Mehmet Hakan Atilla gets 32-month sentence in Iran sanctions case

Mehmet Hakan Atilla gets 32-month sentence in Iran sanctions case

A USA judge sentenced a Turkish banker to 32 months in prison over his involvement in a scheme to evade US sanctions against Iran, rejecting the prosecution's demand for a harsher sentence in a case that strained relations between two countries.

"Mr. Atilla was, as the defense suggests, somewhat of a cog in the wheel, and I would add, a somewhat reluctant one", Berman said during a three-hour court proceeding that mostly featured the judge explaining how he chose the sentence.

The transactions violated U.S. Sanctions and were disguised as fraudulent gold and food transactions through Halkbank, prosecutors said.

Atilla was found guilty on January 3 of conspiring to violate USA sanctions law.

"If Hakan Atilla is going to be declared a criminal, that would be nearly equivalent to declaring the Turkish Republic a criminal", Erdogan said.

Watched intensely from NY to Istanbul, the proceedings ended with a likewise extraordinary 32-month sentence, a prison term lower than what prosecutors or even defense attorneys requested.

The case has strained diplomatic relations between the United States and Turkey, and Turkish President Tayyip Erdogan has condemned it as a political attack on his government.

Lawyers for Atilla had sought a sentence of less than four years.

Judge Berman rejected the prosecution's portrayal of Atilla as the "architect of the scheme".

Mehmet Hakan Atilla gets 32-month sentence in Iran sanctions case

He said Atilla gave false testimony under oath at trial and cited a number of examples in which the banker did not provide accurate information.

Berman's remarks echoed arguments that Atilla's defense attorney Victor Rocco made throughout last year's trial.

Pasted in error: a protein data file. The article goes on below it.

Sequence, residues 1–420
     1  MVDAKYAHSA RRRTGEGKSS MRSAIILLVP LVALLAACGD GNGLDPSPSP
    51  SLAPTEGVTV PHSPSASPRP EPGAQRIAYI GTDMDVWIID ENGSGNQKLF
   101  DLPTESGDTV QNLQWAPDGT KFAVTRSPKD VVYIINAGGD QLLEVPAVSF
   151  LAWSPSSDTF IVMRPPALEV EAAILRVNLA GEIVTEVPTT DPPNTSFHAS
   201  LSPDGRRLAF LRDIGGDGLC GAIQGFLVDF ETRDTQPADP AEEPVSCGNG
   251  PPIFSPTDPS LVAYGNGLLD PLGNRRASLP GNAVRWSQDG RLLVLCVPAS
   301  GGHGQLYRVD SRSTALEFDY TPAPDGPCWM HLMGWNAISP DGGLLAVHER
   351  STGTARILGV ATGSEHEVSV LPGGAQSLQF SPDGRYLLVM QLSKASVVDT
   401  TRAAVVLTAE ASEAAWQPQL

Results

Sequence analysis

The judge said he thought that a life sentence would not be appropriate.

Judge Berman noted the feverish pitch of some observers of Atilla's trial, particularly in Turkey, when he promised to make a transcript of the sentencing available to the public later Wednesday.

Atilla began his remarks by mentioning the holiday being widely celebrated back in his home country.

Far away from his wife, son and aging parents, Atilla pleaded for a quick return to his family.

Citing similar cases in which other national banks violated sanctions against Iran, the lawyers noted that none of the directors of those banks were arrested or sentenced but Atilla, who had no connection with the US, was facing a prison term.

A former Erdogan ally turned state enemy, Zarrab tendered an eleventh-hour guilty plea before trial that led to his dramatic testimony in NY. They said prosecutors were unable to prove Atilla had any connection to Zarrab's crimes.

Berman has ridiculed those theories in the past, and he said that letters that he received from regular Turkish people expressed confidence in US justice.

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